Garbage in, garbage out What your trash turns into, and how to improve the situation

Where does garbage go? Some of it is shipped out of state, some is recycled, and some has been simmering for years in older landfills in the Meadowlands – but the gas given off ends up recycled and comes into your homes.
The New Jersey Meadowlands Commission staff says that there are ways people can reduce the amount and toxicity of their trash, to further help the environment.
The district may not be the toxic wasteland it once was, but there is still a universe of garbage out there. Several times a week, cities and private contractors pick up trash and recyclables from their residents and bring them to places like the Meadowlands’ one remaining active landfill.There used to be a few thousand acres of landfills in the Meadowlands, but the number was drastically reduced since the New Jersey Meadowlands Commission came on board to control dumping in 1969. Tom Maturano, the director of solid waste and natural resources at the New Jersey Meadowlands Commission in Lyndhurst, says people don’t think enough about trash. “Once it’s no longer in your house, it’s not your problem, since the responsibility shifts to somebody else,” Maturano said. “There are many industrial and support systems to deal with the stuff you throw away.” Even though the organization has been instrumental in curtailing unregulated and unsanitary dumping, Marturano said there are additional things residents can do to contribute to a better environment. “There’s a whole world of garbage out there,” said Marturano. “Besides recycling as each town dictates, residents can think about the products they buy.”

Where does it go?

“People don’t often consider the types of garbage that gets thrown away and what it takes to dispose of them properly,” Marturano said. “You trade in your old tires for new; you drive your car into the ground and then buy a new one – what do we do with all that?”

The answer? “There are so many different places where garbage goes.”

There are landfills, resource recovery plants, transfer stations and recycling faculties of all genres, with subgroups in each of them. Transfer stations collect garbage that is going out of state.

“The smaller local trucks bring the garbage to a transfer station, where it is collected and put into much larger trucks to places like Pennsylvania, Ohio and West Virginia,” he said.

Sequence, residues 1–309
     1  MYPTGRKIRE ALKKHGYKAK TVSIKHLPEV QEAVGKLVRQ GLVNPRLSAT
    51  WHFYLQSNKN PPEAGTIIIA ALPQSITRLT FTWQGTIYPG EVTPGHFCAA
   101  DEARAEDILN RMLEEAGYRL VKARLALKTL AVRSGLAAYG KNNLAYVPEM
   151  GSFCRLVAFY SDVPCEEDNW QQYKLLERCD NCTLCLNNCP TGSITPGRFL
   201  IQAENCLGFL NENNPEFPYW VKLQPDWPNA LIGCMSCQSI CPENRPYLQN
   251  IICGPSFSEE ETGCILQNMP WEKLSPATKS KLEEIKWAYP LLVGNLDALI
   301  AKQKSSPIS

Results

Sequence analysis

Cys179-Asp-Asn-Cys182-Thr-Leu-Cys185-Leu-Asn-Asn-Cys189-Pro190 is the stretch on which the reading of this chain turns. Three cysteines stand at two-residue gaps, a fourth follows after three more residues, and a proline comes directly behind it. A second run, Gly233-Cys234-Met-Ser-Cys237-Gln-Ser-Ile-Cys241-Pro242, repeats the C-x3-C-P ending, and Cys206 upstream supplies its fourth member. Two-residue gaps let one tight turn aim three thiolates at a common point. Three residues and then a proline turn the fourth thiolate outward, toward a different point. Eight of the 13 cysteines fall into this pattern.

Landfills accept demolition, commercial, industrial, and domestic wastes. Back in the late 1960s, there were 2,508 acres in the Meadowlands District that were landfills or slated for landfills.

Now, there is only one remaining active landfill now operated by the commission in the district. Some remaining landfills are inactive and others were remediated with environmental controls.

And the inactive landfills actually have a use. They give off liquid and gas that is recycled.

The commission collects the liquid and gas emissions such as methane – the major component of natural gas. Some of that methane recovered by NJMC goes to Public Service Electric & Gas and then gets distributed to many district households. The rest is used to generate electricity.

“Methane comes from microscopic organisms that eat what you don’t eat,” said Marturano. “They digest the garbage and breathe out methane.”

Source reduction

There are a few changes in thinking about garbage that can bring down costs and environmental impact. Three main concepts belong to this group; reuse, reduce and recycle.

Source reduction, or waste prevention, is about using and throwing away fewer household products.

“A good example is buying concentrates – like detergents or juices. You stop buying the water in it and the larger container,” said Marturano. After you buy a can or small bottle of juice concentrate, you could then add the water.

Reusing products can be better than recycling because the item does not need to be reprocessed before it can be used again.

Residents can refill water bottles, re-use boxes or buy refillable items like refillable pens and mechanical pencils.

Recycling in Secaucus

Recycling turns waste materials into valuable resources. Materials like glass, metal, plastics, and paper are collected, separated, and sent to facilities that can process them into aluminum cans, newspapers, paper towels and such.

The Town of Secaucus has a recycling system implemented the Department of Public Works. DPW Superintendent and Recycling Coordinator Mike Gonnelli said that Secaucus residents are good about recycling their garbage.

“Residents have a 90 percent compliance rate with the state mandatory recycling regulation,” Gonnelli said. For residential collection, there are 10 different kinds of specific pickups throughout the year from bulk rubbish to used motor oil. Commercial pickups include waste paper and corrugated cardboard.

The town also receives money from some of the recyclables they return to Municipal Recycling Facilities. Last year, town coffers received $8,400 for the recycling of 567 tons of paper.

For more information see the EPA website: . You can also call for recycling information in Secaucus at (201) 330-2080.


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